Joe Maddon called his shot before Friday's game, all but telegraphing that he intended to go right back to Carl Edwards Jr. that afternoon against the Nationals.
That's exactly how it played out, too, as Edwards came on in the eighth inning of the Cubs' 4-2 loss to Washington Friday and proceeded to load the bases with nobody out.
Edwards walked a pair of batters Thursday against the Arizona Diamondbacks, getting the hook from Maddon after only those two hitters.
Maddon went right back to his young flamethrower Friday, who began the inning by walking Howie Kendrick before giving up soft singles to Bryce Harper and Daniel Murphy and creating another Danger Zone for the Cubs.
But Maddon stayed put in the third-base dugout this time and Edwards wound up getting out of the inning with only one run allowed, on a sacrifice fly from Anthony Rendon to right field.
That's exactly the spot Edwards typically works — late innings, high-leverage against the other team's heart of the order. In this specific case, Maddon couldn't turn to southpaws Justin Wilson, Brian Duensing or Mike Montgomery given their recent usage and he did not want to put newly-promoted Rob Zastryzny into the game in that spot.
It was Edwards or bust.
"I wanted to [get him back out there], but that was still a good spot for him," Maddon said. "I wasn't forcing it. I kinda liked it. We were down by a run. That part of the batting order is the kind that he normally gets to pitch against, so it's really just not trying to pitch [Pedro] Strop and [Hector] Rondon again.
"It really wasn't a Rob Z slot. The leadoff walk got him again, otherwise he actually threw the ball extremely well."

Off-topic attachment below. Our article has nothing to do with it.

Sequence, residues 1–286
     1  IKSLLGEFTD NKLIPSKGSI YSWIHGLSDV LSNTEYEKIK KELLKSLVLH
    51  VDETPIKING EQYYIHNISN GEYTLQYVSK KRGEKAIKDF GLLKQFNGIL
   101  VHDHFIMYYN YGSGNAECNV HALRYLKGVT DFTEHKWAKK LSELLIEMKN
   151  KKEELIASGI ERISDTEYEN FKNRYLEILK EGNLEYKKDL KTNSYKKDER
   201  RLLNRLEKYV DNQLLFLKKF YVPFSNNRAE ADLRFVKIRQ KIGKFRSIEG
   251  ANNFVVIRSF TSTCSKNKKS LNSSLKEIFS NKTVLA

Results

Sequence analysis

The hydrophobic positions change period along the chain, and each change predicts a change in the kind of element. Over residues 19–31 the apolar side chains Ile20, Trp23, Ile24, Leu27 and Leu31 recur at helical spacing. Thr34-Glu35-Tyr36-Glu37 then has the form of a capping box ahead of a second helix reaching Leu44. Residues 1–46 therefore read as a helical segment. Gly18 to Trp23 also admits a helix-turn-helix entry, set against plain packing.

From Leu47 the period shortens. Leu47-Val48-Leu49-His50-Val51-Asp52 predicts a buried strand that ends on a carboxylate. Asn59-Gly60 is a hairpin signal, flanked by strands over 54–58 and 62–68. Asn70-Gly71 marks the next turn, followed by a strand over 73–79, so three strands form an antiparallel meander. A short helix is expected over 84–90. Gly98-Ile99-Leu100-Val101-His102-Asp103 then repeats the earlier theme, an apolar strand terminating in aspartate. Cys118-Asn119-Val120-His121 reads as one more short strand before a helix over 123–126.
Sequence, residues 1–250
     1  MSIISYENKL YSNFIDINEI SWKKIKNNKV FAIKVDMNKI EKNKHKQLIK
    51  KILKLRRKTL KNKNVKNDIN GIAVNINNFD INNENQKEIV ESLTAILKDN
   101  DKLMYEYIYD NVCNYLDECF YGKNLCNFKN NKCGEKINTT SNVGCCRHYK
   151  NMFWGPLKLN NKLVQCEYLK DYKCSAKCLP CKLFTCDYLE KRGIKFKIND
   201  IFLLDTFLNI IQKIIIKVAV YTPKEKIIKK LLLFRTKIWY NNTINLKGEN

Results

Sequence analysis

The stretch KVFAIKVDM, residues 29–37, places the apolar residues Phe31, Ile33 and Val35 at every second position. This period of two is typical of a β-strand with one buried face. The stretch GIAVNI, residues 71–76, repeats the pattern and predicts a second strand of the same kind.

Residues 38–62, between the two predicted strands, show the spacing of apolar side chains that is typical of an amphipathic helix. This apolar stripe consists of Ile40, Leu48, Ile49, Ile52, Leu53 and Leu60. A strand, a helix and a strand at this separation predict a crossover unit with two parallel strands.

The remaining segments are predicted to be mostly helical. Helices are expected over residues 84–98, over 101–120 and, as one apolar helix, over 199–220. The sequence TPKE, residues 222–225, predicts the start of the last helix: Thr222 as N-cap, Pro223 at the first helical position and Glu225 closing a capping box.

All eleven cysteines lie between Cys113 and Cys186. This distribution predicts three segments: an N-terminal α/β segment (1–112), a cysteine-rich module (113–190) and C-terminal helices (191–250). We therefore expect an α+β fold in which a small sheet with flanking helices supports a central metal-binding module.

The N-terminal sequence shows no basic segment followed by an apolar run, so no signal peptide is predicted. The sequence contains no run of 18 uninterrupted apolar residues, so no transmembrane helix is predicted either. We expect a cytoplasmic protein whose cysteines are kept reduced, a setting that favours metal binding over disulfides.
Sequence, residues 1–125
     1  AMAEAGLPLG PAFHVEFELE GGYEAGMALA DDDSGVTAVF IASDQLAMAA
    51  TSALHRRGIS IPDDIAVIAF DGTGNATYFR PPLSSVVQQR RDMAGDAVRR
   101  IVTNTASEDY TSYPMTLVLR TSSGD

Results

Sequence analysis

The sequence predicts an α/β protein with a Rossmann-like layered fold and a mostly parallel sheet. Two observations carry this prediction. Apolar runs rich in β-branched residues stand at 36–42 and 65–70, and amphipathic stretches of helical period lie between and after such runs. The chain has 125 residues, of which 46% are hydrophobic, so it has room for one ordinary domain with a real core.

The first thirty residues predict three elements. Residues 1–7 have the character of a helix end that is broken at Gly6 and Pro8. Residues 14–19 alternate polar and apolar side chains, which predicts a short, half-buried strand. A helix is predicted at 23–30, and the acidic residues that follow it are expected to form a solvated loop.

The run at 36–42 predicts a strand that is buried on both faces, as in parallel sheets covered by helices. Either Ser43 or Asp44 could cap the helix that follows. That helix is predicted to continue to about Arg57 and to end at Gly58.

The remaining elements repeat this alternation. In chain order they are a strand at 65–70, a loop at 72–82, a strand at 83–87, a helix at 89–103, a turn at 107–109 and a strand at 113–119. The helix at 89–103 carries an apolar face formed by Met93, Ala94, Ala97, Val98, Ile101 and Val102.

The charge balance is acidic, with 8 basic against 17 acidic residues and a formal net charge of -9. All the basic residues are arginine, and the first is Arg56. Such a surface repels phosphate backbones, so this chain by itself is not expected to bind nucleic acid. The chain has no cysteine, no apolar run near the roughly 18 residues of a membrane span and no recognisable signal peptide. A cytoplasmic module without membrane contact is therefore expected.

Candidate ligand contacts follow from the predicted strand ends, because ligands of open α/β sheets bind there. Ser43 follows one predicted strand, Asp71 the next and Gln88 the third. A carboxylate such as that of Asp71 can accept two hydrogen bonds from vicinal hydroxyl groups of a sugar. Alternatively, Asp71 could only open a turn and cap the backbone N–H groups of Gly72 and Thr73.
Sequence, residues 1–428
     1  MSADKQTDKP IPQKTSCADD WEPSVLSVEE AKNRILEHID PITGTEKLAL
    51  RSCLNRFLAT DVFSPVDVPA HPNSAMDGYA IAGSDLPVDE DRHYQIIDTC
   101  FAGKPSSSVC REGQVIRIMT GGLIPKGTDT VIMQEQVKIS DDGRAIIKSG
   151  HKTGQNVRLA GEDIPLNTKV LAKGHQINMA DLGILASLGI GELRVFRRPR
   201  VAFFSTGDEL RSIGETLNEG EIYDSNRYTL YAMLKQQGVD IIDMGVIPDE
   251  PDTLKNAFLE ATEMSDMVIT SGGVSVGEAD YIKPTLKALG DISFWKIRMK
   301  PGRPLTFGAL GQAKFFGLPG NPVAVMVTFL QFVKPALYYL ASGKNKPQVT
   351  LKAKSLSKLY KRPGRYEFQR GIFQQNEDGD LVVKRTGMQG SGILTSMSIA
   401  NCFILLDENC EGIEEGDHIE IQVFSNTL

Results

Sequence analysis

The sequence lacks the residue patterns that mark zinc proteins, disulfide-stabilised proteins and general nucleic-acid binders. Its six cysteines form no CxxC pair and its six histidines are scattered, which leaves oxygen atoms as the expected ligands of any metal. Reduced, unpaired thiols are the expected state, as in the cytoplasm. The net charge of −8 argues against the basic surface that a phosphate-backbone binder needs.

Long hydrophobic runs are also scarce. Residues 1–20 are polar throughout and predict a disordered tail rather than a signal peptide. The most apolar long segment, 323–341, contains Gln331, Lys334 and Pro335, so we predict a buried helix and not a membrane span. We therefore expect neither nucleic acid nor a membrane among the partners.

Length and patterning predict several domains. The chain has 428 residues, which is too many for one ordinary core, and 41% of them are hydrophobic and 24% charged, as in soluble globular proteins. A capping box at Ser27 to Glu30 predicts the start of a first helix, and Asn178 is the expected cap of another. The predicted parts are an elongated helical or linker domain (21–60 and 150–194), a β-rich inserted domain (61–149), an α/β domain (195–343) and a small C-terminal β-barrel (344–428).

The Harper and Murphy hits came off the bat at 84.6 mph and 79.8 mph, respectively, so it's not like Edwards was getting rocked.
But that now makes 13 walks in the last 11 innings for Edwards, even though he's only allowed five hits in that span. The 25-year-old has dished out 29 free passes in 44 innings this year and saw his season ERA climb above 3.00 Friday for the first time this season.
"Command issues," Maddon said. "Looks like a lot of pulling away from righties. And that's what seems to get him in trouble. Pulled and elevated today.
"...By no means is it an overworked issue. It's a self-confidence issue. I don't want to keep putting him out there [to fail]. This guy's good. He's one of the best young relief pitchers in the National League, so you gotta keep putting him out there until he gets that loving feeling back."
Edwards remains among the toughest pitchers in baseball to square up for hitters, as the average exit velocity off his pitches sits at 82.5 mph, just slightly above Andrew Miller (81 mph), one of the top relievers in the game today who emerged as a dynamic force in the playoffs last fall with the Cleveland Indians.
Even with the rough outings of late, Edwards still has a 3.07 ERA and 1.09 WHIP with 63 strikeouts in 44 innings.
When he came out to the mound to pull Edwards Thursday against Arizona, Maddon admitted he didn't know where the ball was going to go at that point and wanted to ensure incoming reliever Justin Wilson wouldn't have to pitch with the bases loaded. (Though that ended up happening anyway as Wilson gave up a hit to the first batter he faced.)
But Maddon also said there would be other situations where Edwards would get the opportunity to pitch out of the mess he caused.
Like Friday, for example.
"I still have all the faith in the world in the guy," Maddon said. "...It's just about the walk with him. I think we can get around or beyond that because his stuff is still outstanding. I have not lost confidence.
"I don't have a solid answer [for the control issues]. He's been missing the plate; I agree. It seems like he's been away, away from the right-hander primarily. So we'll just try to figure out different ways to get him back in the zone. But talent-wise, he's fine."